|Publication number||US4908691 A|
|Application number||US 07/106,210|
|Publication date||Mar 13, 1990|
|Filing date||Oct 9, 1987|
|Priority date||Oct 31, 1985|
|Also published as||DE3686310D1, DE3686310T2, EP0222225A2, EP0222225A3, EP0222225B1, US4728624, US4960717|
|Publication number||07106210, 106210, US 4908691 A, US 4908691A, US-A-4908691, US4908691 A, US4908691A|
|Inventors||Victor J. Silvestri, Paul J. Tsang|
|Original Assignee||International Business Machines Corporation|
|Export Citation||BiBTeX, EndNote, RefMan|
|Patent Citations (14), Non-Patent Citations (4), Referenced by (5), Classifications (17), Legal Events (5)|
|External Links: USPTO, USPTO Assignment, Espacenet|
The invention relates to a novel method of semiconductor device fabrication employing selective epitaxial growth, in which interdevice isolation is formed as an integral part of the process, rather than as a separate formation step. One aspect of this process is that at least one of the active elements of the resultant structure is formed before the isolation layer, and may exist both inside and outside the selective epitaxial growth regions.
Interdevice isolation is an important aspect of integrated circuit fabrication, as it is vitally important to prevent the occurrence of such phenomena as parasitic capacitances. Formerly, various approaches to such isolation have been employed. In U.S. Pat. No. 4,357,622, recessed oxide isolation (ROI) techniques were employed to provide isolation regions surrounding transistors in a complementary NPN/PNP structure. This technique makes achieving a compact structure difficult.
In another approach, isolation trenches were etched in a monocrystalline Si substrate, and lined with oxide. In this instance, the oxide layer formation was a separate process step. Further, the trenches did not constitute active elements of the devices, and the active elements of the devices were not formed in the trenches. Rather, the trenches themselves, and the oxide filling, provided the interdevice isolation. As a result, considerable space was wasted on a substrate.
An example of this approach may be found in I. Antipov and C. G. Jambotkar, "Post Emitter Polysilicon Trench Isolation," IBM Tech. Disc. Bull., July 1982, pp. 588-589. In this disclosure, trenches were lined with oxide and nitride, and refilled with polysilicon. This resulted in quite a deep structure, which was necessary to prevent the sideways flow of electric charge between adjacent devices on the substrate. U.S. Pat. No. 4,159,915 also exemplifies this approach. In the patent, deep isolation regions were formed surrounding individual transistors in a array. Again, a deep structure resulted. Also, the overall structure occupied considerable space on the substrate.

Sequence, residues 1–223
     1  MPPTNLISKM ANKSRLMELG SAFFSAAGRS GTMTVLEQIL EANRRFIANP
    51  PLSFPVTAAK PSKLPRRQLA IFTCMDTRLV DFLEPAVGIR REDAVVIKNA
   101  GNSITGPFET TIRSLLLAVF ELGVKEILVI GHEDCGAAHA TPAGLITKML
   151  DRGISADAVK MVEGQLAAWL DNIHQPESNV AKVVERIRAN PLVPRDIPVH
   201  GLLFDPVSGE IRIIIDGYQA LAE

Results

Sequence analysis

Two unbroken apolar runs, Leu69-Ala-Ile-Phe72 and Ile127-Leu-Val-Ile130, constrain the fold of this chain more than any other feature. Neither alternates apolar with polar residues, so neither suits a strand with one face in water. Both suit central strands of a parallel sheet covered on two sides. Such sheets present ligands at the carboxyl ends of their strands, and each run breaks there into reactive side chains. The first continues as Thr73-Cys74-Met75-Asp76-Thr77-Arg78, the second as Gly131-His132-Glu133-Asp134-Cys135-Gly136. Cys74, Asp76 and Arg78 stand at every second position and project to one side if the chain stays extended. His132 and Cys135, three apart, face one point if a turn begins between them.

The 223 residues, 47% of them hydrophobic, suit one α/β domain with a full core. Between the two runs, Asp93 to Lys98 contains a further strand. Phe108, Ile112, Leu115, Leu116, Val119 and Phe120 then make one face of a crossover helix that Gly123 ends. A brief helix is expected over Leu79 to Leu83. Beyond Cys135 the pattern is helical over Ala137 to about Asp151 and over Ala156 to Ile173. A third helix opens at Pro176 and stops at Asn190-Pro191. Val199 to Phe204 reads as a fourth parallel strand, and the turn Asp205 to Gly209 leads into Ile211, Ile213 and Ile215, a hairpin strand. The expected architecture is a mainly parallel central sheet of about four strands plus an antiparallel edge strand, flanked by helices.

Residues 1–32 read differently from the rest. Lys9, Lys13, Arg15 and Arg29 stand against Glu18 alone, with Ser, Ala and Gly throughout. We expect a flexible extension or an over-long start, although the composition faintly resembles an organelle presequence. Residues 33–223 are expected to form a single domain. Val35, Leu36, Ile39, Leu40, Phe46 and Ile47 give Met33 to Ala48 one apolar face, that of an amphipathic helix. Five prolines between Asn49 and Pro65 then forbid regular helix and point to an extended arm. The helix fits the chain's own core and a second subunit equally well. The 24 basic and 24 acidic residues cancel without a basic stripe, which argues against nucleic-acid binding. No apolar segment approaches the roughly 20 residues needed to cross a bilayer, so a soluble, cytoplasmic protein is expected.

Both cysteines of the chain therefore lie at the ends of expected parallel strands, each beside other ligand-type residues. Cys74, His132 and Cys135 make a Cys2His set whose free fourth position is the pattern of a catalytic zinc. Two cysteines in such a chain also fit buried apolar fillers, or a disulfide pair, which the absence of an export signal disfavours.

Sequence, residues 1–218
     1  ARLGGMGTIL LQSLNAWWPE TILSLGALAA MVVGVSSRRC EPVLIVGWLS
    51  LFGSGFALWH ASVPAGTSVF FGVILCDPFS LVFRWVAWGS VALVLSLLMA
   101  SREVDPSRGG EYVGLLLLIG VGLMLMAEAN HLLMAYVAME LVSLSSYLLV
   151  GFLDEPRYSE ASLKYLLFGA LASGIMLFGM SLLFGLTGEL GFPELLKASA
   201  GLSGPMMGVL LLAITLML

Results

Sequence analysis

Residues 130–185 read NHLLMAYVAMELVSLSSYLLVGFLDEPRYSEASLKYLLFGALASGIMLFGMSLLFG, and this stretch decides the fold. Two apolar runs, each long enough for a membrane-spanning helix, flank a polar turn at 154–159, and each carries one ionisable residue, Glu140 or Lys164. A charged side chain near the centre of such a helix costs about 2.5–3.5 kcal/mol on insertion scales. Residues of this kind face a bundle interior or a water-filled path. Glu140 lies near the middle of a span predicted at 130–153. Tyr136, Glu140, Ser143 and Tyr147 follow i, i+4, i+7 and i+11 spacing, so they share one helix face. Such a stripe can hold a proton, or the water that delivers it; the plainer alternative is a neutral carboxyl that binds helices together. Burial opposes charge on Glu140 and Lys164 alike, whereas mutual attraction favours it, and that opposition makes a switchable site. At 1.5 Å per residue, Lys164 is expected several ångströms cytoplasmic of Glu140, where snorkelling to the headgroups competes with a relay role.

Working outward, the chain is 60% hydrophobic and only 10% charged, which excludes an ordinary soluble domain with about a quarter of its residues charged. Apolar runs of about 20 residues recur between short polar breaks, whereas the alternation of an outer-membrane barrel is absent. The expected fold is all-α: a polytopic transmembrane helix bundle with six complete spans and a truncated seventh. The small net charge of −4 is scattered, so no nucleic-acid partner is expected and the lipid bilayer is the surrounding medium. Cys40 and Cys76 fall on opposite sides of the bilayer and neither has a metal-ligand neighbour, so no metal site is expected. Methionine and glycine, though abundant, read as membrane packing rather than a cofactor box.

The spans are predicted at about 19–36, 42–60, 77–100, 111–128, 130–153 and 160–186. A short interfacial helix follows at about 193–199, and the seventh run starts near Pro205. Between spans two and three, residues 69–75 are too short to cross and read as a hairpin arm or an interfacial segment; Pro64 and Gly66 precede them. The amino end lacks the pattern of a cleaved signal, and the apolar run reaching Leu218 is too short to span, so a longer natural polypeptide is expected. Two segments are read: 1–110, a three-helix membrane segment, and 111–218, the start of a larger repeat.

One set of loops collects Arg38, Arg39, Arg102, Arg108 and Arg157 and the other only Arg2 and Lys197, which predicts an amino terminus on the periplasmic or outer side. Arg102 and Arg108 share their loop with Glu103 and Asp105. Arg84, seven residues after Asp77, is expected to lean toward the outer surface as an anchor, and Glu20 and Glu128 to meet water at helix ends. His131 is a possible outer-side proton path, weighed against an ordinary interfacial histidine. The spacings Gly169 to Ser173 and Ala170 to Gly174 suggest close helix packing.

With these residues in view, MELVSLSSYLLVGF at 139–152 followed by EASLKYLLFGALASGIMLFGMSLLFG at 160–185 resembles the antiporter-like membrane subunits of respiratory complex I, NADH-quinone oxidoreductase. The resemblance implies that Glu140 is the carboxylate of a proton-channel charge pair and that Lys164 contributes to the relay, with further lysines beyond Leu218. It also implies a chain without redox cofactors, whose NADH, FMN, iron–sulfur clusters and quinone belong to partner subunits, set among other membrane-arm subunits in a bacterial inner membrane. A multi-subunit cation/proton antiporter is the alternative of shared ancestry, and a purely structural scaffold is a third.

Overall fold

Other attempts to provide proper interdevice isolation have included trench isolation alone, without oxide lining or ROI. This solution has been difficult to implement.
Selective epitaxial growth, in which active elements of devices are formed within etched regions in an oxide layer, the surrounding oxide providing the required isolation, has been used for a number of years. Attempts have been made to apply this technique to vertical transistor structures, which take up less of the available surface area on a substrate, and also to symmetrical transistor structures.
Prior attempts to form such structures, not employing selective epitaxial growth, may be found in Reisman et al., "Methods for Making Symmetrical Transistor Structures," IBM Tech. Disc. Bull., Dec. 1982, pp. 3357-3363, and in U.S. Pat. No. 4,214,315 (vertical transistor structures). In the patent, deep, separately-formed isolation regions surrounded individual transistors.
In the past, selective epitaxial growth has been employed to form all active elements of a device, including a subcollector, within the etched regions in the oxide layer. U.S. Pat. No. 4,400,411 shows such a structure. However, autodoping and other problems arise when the subcollectors are selectively epitaxially grown in this manner.
Accordingly, it is an object of the present invention to avoid the problems of the prior art caused by the formation of all active elements of an integrated circuit device by selective epitaxial growth within an etched region in an oxide layer. It is another object of the invention to provide a process for fabricating a transistor array wherein interdevice isolation is intrinsically formed.
A still further object of the invention is to provide a symmetrical transistor structure with built-in interdevice isolation. It is yet another object of the present invention to provide a more compact structure for transistor arrays. It is a further object of the invention to provide a vertically self-aligned structure for a bipolar device wherein the device junctions are of equal size. Yet another object of the invention is to provide an improved base contact structure in a bipolar transistor array.
In accordance with these and other objects, a method for forming integrated circuit devices is described in which interdevice isolation is intrinsically formed, and in which at least one active element is formed outside an epitaxial growth region of each device. The method may be applied to formation of CMOS, complementary NPN/PNP structures, and bipolar transistor structures, and is particularly useful with regard to obtaining bipolar device junctions of equal size, thereby enhancing device performance.
Repetition of this method yields a plurality of symmetrical transistor structures in an array. In addition, an array is disclosed whose elements have a symmetrical transistor structure, in which the device elements are vertically self-aligned, in which the device junctions are of equal size, and which is more compactly isolated than previously was possible.
The invention will be described in detail below with reference to the accompanying drawings, in which:
FIGS. 1(a)-(j) illustrate a first type of structure employing the method of the invention, and individual formation steps;
FIG. 2 shows an array formed of elements according to the structure and method shown in FIG. 1;